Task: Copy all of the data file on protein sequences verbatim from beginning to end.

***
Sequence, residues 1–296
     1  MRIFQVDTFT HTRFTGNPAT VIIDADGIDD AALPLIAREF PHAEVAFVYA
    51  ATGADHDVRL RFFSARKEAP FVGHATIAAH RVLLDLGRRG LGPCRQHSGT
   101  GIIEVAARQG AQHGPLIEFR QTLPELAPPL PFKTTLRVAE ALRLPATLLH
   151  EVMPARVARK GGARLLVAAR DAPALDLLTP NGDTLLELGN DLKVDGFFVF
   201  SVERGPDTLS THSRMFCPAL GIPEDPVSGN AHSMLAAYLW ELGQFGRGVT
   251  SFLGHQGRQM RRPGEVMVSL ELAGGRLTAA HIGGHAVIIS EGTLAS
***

Sequence, residues 1–296
     1  MRIFQVDTFT HTRFTGNPAT VIIDADGIDD AALPLIAREF PHAEVAFVYA
    51  ATGADHDVRL RFFSARKEAP FVGHATIAAH RVLLDLGRRG LGPCRQHSGT
   101  GIIEVAARQG AQHGPLIEFR QTLPELAPPL PFKTTLRVAE ALRLPATLLH
   151  EVMPARVARK GGARLLVAAR DAPALDLLTP NGDTLLELGN DLKVDGFFVF
   201  SVERGPDTLS THSRMFCPAL GIPEDPVSGN AHSMLAAYLW ELGQFGRGVT
   251  SFLGHQGRQM RRPGEVMVSL ELAGGRLTAA HIGGHAVIIS EGTLAS